If your degree was a car, how far has it taken you along your life and career journey? How reliable has that car been in getting you to your next destination? And are you still driving the same make and model? Yes, COVID-19 lockdowns have created a new pastime: automotive-themed degree analogies. And we’ve enjoyed hours of fun developing alternative league tables and rankings to compare Australian and global institutions.

It is a great exercise to share with friends or colleagues (whilst socially distancing in a pub or café, of course!). And you might already have an inkling as to the brands people would associate with our houses of learning. Our consideration of brands and cars range from specific degrees hyped as having the performance of Lamborghinis, to those equating to the defunct Trabant brand of East Germany and the Russian Lada Rivas of the late 1980s. We have firm, general favourites ascribed to some of our institutions as their particular brand or flag identities. Nissan has been repeatedly associated with one university – not so much because of its Renault Groupe affiliations or major vehicles lines, but because of its former CEO Carlos Gohsan’s fall from grace.

Another, this time a Top 100, is firmly in the frame as a Volvo-branded entity. And no, there are no prizes for guessing. It’s not because of the high-end emphasis on safety, luxury and prestige associated with that brand (although these traits also apply to the university in question). It is because Volvo is owned by China’s Zhejiang Geely Holding Group. In our own personal cases, one of our alma maters could be branded as, perhaps, Jaguar – but produced a degree which performed more like a 1970s Citroen 2CV: a wonderful car, but indeed basic. It took not one but two further degrees in order to generate anything resembling a Jaguar-like career experience. The other author went to a Mercedes university and gained a Holden Commodore degree. It performed like a Morris Minor in respect to early career prospects. Naturally, perception is central in how choices are ultimately made. By way of example, a former colleague – let’s call him Brian* – gained a degree from the UK’s Open University (OU) in 1981, as he had a family and could not attend full time studies. He described the OU as a Holden brand, but his degree performed like a Morris Marina – one of the most ridiculed cars of the 1980s.

The issue was one of perception. The OU was relatively new and study took place remotely in the days before both internet and personal computers. It was sneered at as a learning institution by those who had the ability and support to take more traditional learning pathways. Brian described his university experience as feeling like, “having never read the book but I had seen the film”. The external perception was that his degree was in some way ‘inferior.’ In fact, Brian’s degree was a very solid and robust foundation for further learning, and he went on to later complete a PhD at a prestigious university. From our little game, a clear pattern seems to have emerged: no matter how an entire university has been branded – Alfa Romeo, Tesla (USA’s MIT of course), Lexus or Vauxhall – most respondents thus far have not driven (in their early careers) the same brand as their parent universities. Even more curious is the similarity of the vehicles that graduates have chosen to reflect their early (first 10 or so years) careers.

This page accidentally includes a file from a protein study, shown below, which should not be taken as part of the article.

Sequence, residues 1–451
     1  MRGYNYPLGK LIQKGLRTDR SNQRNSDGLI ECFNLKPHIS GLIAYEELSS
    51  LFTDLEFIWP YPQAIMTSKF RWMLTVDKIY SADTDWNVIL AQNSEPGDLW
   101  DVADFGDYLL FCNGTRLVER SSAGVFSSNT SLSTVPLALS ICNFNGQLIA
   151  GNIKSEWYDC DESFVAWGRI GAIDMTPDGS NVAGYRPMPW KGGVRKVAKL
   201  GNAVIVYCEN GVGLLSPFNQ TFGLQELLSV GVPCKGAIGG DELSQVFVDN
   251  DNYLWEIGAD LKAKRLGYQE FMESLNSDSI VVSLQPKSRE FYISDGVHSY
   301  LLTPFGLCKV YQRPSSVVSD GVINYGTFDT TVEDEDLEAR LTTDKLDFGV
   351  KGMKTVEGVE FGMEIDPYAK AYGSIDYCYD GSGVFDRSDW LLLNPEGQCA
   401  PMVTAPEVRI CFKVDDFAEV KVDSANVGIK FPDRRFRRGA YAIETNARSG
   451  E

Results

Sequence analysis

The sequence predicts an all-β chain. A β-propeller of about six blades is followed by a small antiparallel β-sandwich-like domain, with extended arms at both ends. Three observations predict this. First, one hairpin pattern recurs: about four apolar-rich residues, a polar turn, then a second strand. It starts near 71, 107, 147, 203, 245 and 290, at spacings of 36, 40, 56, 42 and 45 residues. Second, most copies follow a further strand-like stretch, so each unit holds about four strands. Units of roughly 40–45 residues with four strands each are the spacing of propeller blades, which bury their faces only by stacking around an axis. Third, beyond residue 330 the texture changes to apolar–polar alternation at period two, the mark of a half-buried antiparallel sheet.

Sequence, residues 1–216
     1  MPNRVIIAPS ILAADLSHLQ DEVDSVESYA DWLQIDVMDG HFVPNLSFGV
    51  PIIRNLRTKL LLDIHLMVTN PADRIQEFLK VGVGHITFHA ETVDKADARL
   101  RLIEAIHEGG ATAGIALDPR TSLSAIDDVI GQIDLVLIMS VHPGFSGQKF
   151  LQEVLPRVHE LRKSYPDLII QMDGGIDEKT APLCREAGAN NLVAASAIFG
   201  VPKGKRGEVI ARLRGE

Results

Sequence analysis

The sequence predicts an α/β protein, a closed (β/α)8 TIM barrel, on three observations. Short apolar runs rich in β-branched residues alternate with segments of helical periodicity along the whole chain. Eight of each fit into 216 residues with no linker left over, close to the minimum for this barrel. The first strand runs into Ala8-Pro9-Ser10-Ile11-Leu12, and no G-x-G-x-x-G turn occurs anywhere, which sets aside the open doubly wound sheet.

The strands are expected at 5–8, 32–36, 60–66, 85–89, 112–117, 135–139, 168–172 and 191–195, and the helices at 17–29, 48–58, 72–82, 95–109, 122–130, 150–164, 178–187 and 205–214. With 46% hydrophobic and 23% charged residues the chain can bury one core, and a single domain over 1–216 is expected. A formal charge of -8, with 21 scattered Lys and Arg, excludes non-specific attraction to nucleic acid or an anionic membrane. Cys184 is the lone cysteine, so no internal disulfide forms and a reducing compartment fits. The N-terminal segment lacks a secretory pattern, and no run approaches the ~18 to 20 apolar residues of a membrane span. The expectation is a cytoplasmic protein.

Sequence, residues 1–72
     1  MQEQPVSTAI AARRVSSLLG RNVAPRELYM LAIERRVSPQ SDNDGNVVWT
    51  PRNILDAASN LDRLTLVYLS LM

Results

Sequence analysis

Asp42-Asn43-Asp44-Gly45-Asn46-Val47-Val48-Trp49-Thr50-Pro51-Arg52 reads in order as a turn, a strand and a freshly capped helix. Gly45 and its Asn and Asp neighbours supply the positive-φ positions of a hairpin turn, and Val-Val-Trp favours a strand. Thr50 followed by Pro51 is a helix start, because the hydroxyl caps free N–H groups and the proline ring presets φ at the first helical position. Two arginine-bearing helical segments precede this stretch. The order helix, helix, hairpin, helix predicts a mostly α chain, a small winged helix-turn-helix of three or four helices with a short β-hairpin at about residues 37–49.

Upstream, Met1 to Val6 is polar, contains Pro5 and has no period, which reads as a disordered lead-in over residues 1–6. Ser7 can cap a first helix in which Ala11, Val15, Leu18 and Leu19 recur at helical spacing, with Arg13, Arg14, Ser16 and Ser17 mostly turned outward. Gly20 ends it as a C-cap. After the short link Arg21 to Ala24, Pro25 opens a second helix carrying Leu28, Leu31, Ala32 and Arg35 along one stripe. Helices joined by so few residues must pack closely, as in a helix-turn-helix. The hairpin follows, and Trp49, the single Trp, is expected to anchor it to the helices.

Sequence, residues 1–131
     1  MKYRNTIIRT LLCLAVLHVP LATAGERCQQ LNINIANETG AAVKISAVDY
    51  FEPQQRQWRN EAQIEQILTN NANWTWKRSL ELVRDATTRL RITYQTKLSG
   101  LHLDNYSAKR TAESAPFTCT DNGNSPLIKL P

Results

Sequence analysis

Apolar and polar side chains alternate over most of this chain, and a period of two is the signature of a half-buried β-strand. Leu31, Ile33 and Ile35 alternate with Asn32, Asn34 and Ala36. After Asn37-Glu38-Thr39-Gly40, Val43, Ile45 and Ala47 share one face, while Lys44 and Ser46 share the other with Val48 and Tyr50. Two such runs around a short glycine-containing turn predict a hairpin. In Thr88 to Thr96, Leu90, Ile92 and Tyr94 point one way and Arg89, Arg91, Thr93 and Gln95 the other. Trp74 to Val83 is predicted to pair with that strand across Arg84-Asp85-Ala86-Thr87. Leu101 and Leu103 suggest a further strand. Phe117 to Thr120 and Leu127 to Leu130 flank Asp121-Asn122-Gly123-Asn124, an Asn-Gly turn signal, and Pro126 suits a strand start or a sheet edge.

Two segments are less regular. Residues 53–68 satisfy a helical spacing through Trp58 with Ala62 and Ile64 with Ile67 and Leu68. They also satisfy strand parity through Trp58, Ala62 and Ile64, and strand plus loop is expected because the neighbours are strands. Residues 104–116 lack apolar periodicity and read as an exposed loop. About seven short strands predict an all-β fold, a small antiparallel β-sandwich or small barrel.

Thus far, we are finding – and irrespective of degrees received from small, private Australian providers or larger, internationally well-ranked universities – that people often consider their first degrees to have been equivalent to small to mid-ranged Holdens, Toyotas, Fords and Hyundais. Of course, there are exceptions. Our Lambo degree claimant joined his uncle’s law firm upon graduating (and he already possessed a Mercedes as a student). The playing field, like life, is far from level. There are also VW and Honda degree drivers a-plenty, who may have also come from different starting points.

In all seriousness though, our point here concerns the added emphasis placed on degree brands by employers and society in general. All Australian degrees have met TEQSA’s high standards. At undergraduate level, the degrees gained across our nation are not as varied in quality or performance as some may wish to believe. Clearly the degree holders we have spoken to feel that this is the case. It is, perhaps, time that we took another look at our tertiary education system and more thoroughly valued the good work and hard-earned outcomes of our graduates, no matter the brand of their universities. After all, it seems that we don’t necessarily all drive the same brand of degrees that are badged by our alma mater institutions.

Emeritus Professor Jim Mienczakowski is a Higher Education Consultant.

Emeritus Professor Greg Whateley is Deputy Vice Chancellor at Group Colleges Australia.